BLINK will transform the suspension bridge into a span of light and color

The 2019 version of BLINK will feature the transformation of the John A. Roebling Bridge, better known as the Suspension Bridge, into a span of color, light, and sound.


The creators of BLINK, a three-day festival of large-scale light mapping, street, art and interactive installations, plan to turn the 152-year-old bridge into a monumental work of art.


They will work with the Roebling Bridge Historical Society, Kentucky Transportation Cabinet, and officials in Cincinnati and Covington, and use light, color, and sound to enhance the bridge’s current architectural lighting and bring the bridge to life.


“We will focus on the most grand and predominant features of the bridge, including the anchorage, gateway towers, arches, and spires,” says Steve McGowan, owner and partner of Brave Berlin, one of the producers of BLINK. “It is our goal to illuminate the river in a magic glimmer of color and reflection.”


The Greater Cincinnati Foundation is underwriting the effort.


This year’s version of the sprawling festival, held Oct. 10–13, will take place from Cincinnati’s Findlay Market neighborhood to Covington — bridging two states, and span 30 city blocks and the Ohio River.


It’s an expansion from the inaugural 2017 event, which was spread over 20 blocks in downtown Cincinnati and Over-the-Rhine and was experienced by more than one million visitors, the largest gathering of people ever in those neighborhoods.


The Roebling Bridge installation will literally connect the two states across the river and encourage visitors to experience the full scope of the festival.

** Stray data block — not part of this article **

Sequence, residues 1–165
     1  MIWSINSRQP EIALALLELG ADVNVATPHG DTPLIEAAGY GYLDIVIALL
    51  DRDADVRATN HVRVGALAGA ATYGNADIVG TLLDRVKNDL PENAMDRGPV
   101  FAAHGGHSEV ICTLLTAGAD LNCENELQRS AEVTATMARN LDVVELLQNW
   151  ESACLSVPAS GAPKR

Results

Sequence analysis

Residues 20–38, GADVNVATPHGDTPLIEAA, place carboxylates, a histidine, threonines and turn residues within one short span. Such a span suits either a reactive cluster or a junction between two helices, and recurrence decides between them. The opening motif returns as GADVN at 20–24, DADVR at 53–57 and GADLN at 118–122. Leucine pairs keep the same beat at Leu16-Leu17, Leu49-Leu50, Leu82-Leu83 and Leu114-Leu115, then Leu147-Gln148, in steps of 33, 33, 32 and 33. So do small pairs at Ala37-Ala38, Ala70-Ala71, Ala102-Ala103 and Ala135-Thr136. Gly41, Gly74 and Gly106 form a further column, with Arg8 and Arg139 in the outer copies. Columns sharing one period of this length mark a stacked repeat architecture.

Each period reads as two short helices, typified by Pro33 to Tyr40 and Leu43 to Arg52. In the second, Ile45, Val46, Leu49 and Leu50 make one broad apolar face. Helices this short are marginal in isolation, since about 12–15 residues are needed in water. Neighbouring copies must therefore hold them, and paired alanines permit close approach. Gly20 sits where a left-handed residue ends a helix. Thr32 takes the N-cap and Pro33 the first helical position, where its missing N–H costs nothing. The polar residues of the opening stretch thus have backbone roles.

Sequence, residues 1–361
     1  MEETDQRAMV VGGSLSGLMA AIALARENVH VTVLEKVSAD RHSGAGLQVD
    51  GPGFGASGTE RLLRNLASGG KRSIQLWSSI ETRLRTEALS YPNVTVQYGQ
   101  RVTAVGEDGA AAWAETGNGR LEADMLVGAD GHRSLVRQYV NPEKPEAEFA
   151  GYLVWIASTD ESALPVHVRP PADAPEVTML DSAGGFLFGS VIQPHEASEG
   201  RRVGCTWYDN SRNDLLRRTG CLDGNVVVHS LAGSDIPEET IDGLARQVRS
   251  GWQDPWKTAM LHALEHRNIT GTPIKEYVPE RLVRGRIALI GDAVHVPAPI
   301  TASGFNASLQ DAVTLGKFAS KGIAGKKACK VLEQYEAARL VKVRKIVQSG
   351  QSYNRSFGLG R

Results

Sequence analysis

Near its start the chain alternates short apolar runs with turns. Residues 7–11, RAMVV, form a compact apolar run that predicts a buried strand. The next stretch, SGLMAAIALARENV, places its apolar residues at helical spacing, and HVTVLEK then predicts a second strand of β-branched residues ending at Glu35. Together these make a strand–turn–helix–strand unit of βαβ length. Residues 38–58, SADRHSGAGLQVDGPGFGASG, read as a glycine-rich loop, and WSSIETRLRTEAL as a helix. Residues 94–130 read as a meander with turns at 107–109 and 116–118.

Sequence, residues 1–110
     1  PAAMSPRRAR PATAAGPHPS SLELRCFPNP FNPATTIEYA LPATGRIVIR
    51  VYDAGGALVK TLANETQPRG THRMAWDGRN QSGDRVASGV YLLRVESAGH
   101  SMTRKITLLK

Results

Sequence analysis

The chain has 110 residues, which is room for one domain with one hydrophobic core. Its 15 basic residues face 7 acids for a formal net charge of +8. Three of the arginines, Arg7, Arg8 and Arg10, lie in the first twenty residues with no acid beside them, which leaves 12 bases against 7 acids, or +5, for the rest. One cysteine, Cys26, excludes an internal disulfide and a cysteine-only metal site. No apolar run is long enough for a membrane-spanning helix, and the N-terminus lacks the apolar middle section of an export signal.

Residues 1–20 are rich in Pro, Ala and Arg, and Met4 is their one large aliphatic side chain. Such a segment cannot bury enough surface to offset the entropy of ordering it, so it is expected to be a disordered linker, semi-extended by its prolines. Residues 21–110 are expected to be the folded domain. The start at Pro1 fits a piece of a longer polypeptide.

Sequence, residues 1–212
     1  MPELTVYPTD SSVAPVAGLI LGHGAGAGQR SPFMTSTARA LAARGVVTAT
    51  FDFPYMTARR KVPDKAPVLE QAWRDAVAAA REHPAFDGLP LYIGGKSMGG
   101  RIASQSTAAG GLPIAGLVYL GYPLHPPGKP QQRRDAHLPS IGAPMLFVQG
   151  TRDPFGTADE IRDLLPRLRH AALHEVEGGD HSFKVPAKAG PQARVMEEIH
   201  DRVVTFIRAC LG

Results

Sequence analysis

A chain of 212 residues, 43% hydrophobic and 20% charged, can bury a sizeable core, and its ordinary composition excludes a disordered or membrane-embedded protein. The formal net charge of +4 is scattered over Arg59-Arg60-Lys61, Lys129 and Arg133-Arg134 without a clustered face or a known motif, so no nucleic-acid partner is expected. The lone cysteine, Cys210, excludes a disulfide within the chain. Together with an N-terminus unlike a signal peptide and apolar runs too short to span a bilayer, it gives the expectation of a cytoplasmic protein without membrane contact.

The John A. Roebling Suspension Bridge, named after the civil engineer who designed it, has been a Cincinnati landmark and thoroughfare for 152 years. When it opened on Jan. 1, 1867, it was called the Covington and Cincinnati Suspension Bridge and was the longest suspension bridge in the world. It held that record until 1883, when Roebling’s signature project, the Brooklyn Bridge, opened.


“The historical significance of this beloved iconic landmark makes it the centerpiece of BLINK and our continued desire to celebrate Cincinnati as the future city,” says Dan Reynolds, owner and partner of Brave Berlin.


BLINK is considered the only U.S. event of its kind, and features large-scale projection mapping, murals by international artists, interactive light sculpture,s and a variety of entertainment. It is free and open to the public. The event is produced by The Agar, ArtWorks, Brave Berlin, the Carol Ann and Ralph V Haile, Jr./U.S. Bank Foundation, and the Cincinnati USA Regional Chamber.
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David Holthaus is an award-winning journalist and a Cincinnati native. When not writing or editing, he's likely to be bicycling, hiking, reading, or watching classic movies.